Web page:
Glycerin | American Society of Baking
Commercial Baking Ingredients:


Also known as glycerol or 1,2,3-Propanetriol

What is glycerin?

Glycerin is a three-carbon chain molecule which has an alcohol group bound to each carbon. It is a sweet and viscous liquid used in bakery foods as a humectant, water activity reducer and crystallization modifier. In food chemistry, glycerin is the backbone of fats and oils i.e mono-, di- and triglycerides.

Glycerin can form links with acid moieties (i.e. fatty acid chains) at the hydroxyl groups, losing a hydrogen and esterifying with these fatty acids to form fats.

  • If each of the three arms of glycerin is attached to a fatty acid, the resultant product is a triglyceride.
  • If only two are linked, it is a diglyceride.
  • If only one is so linked, it is a monoglyceride.
Related Links:


Glycerin, or C3H8O3 is a naturally occurring substance which makes up the building blocks of fats, mono- and diglycerides, polyglycerol esters and many other food molecules. It can be obtained from microbial fermentation or via chemical synthesis.



Glycerin is a multifaceted ingredient. The main functions of this molecule include:

  • Carrier/solvent for flavor extracts and color mixes
  • Sweetener
  • Modifier of water activity (aw) in foods
  • Shelf-life extender
  • Humectant (used to maintain a certain moisture content to prevent the drying-out of foods)
  • Crystallization modifier
  • Plasticizer

Glycerin is used in confections to maintain the initial level of crystallization of the soft sugar. It also helps prevent ice crystal formation in frozen batter and dough.

Commercial production

Glycerin can be obtained from either natural sources (plants and animals) as well as industrial sources such as the by-products of biodiesel and soap. Alternatively, it can be obtained through chemical synthesis.

For glycerin to be suitable for human consumption, it must be ultra-pure (99.5%). The high purity standard for glycerin as a humectant food additive requires that the contents of ethylene glycol and diethylene glycol not exceed the limits of 0.1% in the finished product, set by the FDA.1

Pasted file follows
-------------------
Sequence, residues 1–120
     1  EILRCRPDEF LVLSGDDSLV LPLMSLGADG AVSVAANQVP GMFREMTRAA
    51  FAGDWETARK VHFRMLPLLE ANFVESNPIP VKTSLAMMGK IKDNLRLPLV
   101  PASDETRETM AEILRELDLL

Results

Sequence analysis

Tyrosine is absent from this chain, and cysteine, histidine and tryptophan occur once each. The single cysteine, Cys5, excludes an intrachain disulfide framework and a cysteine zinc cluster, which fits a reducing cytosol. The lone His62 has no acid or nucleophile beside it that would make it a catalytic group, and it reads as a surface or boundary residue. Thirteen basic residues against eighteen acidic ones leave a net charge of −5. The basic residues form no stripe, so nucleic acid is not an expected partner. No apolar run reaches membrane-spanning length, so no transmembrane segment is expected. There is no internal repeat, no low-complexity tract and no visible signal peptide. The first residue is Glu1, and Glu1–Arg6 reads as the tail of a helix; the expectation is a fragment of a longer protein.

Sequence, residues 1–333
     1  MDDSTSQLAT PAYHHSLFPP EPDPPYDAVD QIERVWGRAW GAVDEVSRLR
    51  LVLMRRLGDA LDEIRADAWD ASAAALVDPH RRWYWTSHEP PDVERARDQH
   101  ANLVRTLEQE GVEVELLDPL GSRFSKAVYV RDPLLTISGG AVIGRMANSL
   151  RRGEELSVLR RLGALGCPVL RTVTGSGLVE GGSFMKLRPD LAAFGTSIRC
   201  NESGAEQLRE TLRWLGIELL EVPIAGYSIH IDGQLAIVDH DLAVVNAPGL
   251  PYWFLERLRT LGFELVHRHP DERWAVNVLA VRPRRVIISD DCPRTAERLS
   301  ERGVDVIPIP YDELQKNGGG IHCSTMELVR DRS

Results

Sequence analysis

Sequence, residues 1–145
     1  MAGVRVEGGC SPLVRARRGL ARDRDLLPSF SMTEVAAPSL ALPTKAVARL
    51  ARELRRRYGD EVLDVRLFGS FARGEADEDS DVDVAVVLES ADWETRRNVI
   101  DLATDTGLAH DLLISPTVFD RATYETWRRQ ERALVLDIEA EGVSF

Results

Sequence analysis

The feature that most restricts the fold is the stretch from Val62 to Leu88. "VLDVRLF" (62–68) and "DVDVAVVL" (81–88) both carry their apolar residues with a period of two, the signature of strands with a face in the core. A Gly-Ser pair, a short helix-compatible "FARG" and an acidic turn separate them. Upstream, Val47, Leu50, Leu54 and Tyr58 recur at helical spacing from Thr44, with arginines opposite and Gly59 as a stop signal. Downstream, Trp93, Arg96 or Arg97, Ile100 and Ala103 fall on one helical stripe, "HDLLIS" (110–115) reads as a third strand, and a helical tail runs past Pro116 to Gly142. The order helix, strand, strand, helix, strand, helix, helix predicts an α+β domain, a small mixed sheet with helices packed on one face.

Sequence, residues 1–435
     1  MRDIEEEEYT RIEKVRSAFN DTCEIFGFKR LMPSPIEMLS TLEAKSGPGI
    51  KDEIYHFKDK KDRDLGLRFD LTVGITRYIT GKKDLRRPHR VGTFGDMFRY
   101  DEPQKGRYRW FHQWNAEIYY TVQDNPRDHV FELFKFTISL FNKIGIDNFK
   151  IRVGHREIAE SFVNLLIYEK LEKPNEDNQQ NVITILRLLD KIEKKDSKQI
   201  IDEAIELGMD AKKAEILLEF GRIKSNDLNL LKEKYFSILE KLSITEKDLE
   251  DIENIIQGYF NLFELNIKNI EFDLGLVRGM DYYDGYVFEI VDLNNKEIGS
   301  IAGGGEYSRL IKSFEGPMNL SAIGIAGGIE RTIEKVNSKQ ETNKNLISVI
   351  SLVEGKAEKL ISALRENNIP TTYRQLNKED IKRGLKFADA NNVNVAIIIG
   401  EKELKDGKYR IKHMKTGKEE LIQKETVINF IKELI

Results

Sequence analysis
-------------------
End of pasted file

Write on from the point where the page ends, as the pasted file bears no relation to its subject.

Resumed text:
Once produced, glycerin is a clear, or yellowish hygroscopic viscous liquid with slight odor and slightly sweet taste.


High-speed cakemaking has historically relied on the addition of glycerin and other polyols (e.g. propylene glycol) to obtain aw values as low as 0,85 to 0.80. In such applications, glycerin helps extend the microbial stability and keep a tender and moist mouthfeel in muffins, batter cakes, cake doughnuts, and many other sweet baked goods. Glycerin is also used in non-aerated icings.

Glycerin is usually added to batter cake formulations at levels ranging from 2.0 up to 15.0 % (based on flour weight). The higher the glycerin dose, the more tender the product and more prone to post-baking collapse due to insufficient starch gelatinization and crumb setting. Alternatives to glycerin include sorbitol, propylene glycol and other polyols.

Relevant properties of glycerin2

  • Solubility: miscible in water and alcohol at 20°C (68°F)
  • Molecular weight: 92,1 Da
  • Boiling point at standard pressure (101,3 KPa / 0 feet above sea level): 290°C (554°F)
  • Melting point: 18°C (64°F)
  • Density in aqueous solution at 20°C (68°F): 1230 Kg/m3 (max. water content 5% w/w)
  • Relative sweetness: approximately 65% (compared to sucrose)


In the US, glycerin has a GRAS status when used in accordance with GMP. It can be used in alcoholic beverages, cured meats, and soft drinks. The FDA allows the addition of this ingredient without limit in all bakery goods.

Glycerin has the additives list number E-422. According to the European Food Safety Authority (EFSA) reports, glycerin is not an additive that has been subject to concerns regarding safety.

In the UK glycerin is allowed without limit in flour and baked goods but is prohibited in breads. GMP in cured meats, ices, soft drinks.


  1. Msagati, T.A.M. “Humectants.”Chemistry of Food Additives and Preservatives, John Wiley & Sons, Ltd., 2013, pp. 162–166.
  2. Moriartey, S. “Solvents.” Food Additives Data Book, 2nd edition, Blackwell Publishing Ltd., 2011, pp. 938–940.